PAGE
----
But I do notice when something’s bubbling, but you’ve got to embrace it, I think. The thing is in those early stages, it’s sort of embryonic. It needs you to grab it and do something with it or it fades away – it’s too fragile. It’s like sometimes I get annoyed when I’m tied up in making something and I can feel that there’s something else that I should be doing and I can’t get to it because I need to finish what I’m doing first, and I come back to it and it’s kind of gone.

What happens if you hit like the creative block. Do you get them? Elton John never does apparently.

Oh, rubbish. How’s he doing that? I don’t know.

All dressed up every day.

[laughs] Yeah, maybe that’s what I’m doing wrong. [laughs]. No, I get them all the time. I don’t know how you answer.

So what sort of things do you do there when you’ve got it? Obviously you seem quite calm, you accepted it and you just go –

I’ve got to do something else. Well actually, that’s why I’ve got quite a few other things going on. I might do a music video or smart direction or fashion stuff, whatever. I’ve got a whole ream of what my art is; it’s not just painting. There are times when you just can’t paint. The art world doesn’t really understand that. I mean, I can’t paint 12 hours a day every day for my whole life, I just can’t. and you’re smashing your head against a brick wall. I’ll come in here I’ll come in here at nine and leave and nine every day religiously. And I’ll and paint, but it might not be a painting day, it might not happen. And you know I’ll do some illustration or some design stuff, whatever, then come back to it. Quite often I’ll get lost in something else, like making a video or collaboration with a band or something, and that I’ll come back to the painting and it’ll refresh me or I’ve learnt something new there, or something’s happened.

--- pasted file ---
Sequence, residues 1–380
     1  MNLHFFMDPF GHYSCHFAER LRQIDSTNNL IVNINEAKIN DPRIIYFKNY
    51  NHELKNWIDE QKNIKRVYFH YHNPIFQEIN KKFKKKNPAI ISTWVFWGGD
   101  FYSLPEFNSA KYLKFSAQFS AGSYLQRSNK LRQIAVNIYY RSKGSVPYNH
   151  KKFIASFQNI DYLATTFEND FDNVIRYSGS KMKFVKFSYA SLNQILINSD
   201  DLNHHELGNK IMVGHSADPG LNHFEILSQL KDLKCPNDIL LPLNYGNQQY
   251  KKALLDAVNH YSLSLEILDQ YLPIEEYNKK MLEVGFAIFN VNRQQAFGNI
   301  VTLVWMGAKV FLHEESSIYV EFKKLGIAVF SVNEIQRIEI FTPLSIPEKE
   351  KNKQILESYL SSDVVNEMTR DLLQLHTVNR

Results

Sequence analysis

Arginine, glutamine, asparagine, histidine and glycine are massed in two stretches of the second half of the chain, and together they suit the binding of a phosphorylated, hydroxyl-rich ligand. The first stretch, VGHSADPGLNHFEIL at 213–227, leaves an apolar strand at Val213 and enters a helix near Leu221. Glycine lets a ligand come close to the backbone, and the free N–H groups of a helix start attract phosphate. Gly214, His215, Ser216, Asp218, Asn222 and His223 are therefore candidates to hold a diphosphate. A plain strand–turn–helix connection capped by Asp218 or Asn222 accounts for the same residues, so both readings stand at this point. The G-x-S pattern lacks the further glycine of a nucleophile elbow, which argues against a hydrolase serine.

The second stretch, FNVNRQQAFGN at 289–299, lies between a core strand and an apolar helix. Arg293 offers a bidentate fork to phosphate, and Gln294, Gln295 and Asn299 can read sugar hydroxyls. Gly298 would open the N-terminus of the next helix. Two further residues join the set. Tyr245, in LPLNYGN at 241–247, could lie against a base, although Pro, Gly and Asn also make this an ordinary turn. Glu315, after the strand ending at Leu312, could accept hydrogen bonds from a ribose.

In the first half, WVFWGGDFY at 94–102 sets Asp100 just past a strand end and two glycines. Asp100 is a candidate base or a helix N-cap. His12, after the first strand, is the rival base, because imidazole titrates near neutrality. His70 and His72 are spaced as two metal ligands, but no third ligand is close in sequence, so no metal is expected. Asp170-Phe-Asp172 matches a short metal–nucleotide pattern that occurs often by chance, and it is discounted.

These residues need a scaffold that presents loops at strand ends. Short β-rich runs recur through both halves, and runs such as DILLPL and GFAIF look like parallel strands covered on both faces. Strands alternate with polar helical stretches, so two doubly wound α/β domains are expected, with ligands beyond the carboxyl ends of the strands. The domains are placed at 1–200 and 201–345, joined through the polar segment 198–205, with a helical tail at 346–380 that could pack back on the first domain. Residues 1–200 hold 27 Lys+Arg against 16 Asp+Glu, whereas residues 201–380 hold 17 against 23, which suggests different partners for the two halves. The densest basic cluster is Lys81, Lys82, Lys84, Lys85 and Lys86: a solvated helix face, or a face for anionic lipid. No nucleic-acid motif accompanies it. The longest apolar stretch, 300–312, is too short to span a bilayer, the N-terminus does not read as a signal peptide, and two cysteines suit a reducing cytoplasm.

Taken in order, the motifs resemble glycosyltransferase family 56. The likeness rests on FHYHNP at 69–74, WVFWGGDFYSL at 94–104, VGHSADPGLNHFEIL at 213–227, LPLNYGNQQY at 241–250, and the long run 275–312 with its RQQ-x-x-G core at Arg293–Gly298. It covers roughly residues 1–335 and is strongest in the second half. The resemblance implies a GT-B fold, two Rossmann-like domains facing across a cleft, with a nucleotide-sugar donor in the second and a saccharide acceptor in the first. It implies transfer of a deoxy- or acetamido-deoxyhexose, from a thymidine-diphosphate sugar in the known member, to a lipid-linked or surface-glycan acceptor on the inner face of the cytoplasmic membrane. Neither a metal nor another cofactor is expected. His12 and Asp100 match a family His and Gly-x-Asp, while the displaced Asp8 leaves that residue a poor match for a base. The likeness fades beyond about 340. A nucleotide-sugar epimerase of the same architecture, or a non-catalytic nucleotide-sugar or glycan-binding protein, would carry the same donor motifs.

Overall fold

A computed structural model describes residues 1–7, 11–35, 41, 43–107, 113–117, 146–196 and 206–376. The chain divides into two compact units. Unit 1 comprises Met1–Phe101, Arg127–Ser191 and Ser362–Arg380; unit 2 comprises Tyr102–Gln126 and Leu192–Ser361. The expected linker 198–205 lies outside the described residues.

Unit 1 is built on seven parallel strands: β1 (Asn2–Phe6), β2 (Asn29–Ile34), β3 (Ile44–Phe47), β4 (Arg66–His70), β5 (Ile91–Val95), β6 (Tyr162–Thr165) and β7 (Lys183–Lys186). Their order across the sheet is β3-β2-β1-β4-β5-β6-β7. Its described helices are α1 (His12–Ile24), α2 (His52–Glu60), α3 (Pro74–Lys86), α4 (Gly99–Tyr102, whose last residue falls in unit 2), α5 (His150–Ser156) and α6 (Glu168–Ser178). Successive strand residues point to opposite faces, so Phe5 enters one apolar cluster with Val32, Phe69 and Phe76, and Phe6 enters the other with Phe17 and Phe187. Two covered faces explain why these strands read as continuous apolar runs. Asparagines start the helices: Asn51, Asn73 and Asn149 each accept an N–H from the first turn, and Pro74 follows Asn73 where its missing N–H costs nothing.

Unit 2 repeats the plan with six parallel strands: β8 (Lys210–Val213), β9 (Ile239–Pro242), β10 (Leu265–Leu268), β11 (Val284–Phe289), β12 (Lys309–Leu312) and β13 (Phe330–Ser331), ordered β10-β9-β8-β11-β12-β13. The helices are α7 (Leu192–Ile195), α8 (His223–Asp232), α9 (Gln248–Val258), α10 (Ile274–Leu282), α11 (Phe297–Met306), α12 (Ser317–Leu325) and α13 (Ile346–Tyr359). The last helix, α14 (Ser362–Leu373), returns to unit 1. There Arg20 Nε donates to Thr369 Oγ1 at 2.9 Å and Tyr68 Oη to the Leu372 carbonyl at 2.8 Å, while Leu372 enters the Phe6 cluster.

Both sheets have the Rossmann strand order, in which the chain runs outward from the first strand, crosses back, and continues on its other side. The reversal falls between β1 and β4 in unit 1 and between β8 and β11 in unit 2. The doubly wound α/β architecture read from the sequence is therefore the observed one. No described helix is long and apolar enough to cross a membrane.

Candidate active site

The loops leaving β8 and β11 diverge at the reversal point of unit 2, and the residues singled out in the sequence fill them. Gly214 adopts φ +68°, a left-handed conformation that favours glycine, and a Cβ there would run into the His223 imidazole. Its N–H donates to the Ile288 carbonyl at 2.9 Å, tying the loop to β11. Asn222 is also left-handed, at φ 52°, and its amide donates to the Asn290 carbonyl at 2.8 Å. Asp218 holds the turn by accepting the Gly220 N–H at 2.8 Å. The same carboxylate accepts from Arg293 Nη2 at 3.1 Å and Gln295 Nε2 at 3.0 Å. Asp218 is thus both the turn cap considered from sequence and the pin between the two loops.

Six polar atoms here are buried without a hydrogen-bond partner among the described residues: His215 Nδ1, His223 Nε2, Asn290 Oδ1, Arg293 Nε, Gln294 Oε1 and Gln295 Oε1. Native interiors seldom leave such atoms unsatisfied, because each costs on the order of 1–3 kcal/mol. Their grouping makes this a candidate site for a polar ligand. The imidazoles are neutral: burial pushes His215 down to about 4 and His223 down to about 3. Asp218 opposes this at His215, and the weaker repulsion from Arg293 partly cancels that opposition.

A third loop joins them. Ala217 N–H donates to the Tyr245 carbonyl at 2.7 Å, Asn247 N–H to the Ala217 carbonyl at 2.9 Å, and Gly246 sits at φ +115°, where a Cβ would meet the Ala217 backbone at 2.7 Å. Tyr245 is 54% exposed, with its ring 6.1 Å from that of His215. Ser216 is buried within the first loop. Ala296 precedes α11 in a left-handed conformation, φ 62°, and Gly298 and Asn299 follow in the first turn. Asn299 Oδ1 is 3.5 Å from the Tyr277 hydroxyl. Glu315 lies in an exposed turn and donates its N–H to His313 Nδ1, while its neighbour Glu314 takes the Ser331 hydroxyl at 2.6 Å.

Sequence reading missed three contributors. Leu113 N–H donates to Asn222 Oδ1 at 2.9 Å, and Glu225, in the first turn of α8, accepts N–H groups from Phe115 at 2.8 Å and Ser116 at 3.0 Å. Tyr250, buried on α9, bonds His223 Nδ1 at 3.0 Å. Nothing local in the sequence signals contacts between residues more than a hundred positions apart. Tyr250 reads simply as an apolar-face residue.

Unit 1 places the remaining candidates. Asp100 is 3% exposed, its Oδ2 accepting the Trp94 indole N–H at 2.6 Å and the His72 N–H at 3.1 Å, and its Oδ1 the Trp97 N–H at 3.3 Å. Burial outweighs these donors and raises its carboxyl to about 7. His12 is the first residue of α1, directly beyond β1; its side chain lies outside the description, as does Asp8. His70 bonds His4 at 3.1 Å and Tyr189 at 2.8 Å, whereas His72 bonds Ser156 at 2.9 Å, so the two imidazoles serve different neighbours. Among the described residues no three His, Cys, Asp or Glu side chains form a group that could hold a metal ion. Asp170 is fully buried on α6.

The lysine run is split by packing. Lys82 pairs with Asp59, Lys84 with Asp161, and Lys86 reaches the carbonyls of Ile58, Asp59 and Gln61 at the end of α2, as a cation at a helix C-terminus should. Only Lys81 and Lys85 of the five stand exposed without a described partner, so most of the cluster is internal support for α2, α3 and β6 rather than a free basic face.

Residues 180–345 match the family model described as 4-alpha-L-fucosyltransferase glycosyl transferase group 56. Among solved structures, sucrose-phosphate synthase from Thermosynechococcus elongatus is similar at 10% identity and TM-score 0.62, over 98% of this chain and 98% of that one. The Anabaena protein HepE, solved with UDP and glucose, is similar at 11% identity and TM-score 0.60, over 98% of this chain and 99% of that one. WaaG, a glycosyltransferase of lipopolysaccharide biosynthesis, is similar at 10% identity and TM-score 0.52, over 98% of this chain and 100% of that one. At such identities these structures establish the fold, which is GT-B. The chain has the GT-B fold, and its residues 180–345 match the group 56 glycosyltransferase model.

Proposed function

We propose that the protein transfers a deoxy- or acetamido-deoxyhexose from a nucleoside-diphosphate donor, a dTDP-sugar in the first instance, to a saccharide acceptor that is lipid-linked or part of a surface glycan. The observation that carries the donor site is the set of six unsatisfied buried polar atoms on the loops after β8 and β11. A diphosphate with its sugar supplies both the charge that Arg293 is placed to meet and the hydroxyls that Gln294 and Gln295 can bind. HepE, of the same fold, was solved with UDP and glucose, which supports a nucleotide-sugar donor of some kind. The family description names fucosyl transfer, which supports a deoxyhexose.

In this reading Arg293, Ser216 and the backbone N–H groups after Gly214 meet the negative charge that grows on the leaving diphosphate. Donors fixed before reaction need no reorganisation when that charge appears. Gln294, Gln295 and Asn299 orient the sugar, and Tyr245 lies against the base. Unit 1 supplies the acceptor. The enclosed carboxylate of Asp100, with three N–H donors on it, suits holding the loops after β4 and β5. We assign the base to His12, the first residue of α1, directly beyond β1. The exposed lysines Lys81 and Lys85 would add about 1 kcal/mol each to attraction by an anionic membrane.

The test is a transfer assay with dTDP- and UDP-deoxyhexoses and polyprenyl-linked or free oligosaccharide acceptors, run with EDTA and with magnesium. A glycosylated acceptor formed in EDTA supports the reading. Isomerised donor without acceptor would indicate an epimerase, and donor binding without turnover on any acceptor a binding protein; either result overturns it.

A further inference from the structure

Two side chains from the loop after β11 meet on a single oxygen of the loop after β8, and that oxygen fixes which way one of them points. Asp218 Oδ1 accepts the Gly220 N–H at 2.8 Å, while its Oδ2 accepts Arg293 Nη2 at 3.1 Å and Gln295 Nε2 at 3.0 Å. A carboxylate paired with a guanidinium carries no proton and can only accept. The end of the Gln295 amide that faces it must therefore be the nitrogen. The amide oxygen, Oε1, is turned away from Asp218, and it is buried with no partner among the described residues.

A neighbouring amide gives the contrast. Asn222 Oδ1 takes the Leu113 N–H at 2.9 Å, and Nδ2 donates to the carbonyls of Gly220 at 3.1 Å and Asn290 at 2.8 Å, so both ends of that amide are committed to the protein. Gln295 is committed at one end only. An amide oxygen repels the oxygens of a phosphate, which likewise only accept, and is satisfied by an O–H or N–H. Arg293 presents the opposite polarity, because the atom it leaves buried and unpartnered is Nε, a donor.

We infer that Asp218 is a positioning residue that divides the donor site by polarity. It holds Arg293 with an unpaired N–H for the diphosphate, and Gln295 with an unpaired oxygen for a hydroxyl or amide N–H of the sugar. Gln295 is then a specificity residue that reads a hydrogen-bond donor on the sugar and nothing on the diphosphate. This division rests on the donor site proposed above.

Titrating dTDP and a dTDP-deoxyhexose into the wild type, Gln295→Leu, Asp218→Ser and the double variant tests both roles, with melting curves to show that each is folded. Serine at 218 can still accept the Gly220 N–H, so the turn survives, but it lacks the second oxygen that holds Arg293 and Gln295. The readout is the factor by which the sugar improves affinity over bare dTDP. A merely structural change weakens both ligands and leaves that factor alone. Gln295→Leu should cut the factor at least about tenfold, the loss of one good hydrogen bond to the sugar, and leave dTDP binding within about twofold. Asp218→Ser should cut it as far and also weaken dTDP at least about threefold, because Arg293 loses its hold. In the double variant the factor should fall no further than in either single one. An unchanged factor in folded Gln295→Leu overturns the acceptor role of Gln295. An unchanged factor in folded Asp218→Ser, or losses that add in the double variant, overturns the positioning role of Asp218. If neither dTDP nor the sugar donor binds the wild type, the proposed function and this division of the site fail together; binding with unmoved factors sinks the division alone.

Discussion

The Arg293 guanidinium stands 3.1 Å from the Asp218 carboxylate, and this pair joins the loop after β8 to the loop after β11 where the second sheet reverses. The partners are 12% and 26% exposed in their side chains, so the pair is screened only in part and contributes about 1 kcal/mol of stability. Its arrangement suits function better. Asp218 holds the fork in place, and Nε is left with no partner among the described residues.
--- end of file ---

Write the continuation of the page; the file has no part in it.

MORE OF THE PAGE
Yeah, cool. So which side of do you enjoy most? Is there a side you enjoy the most?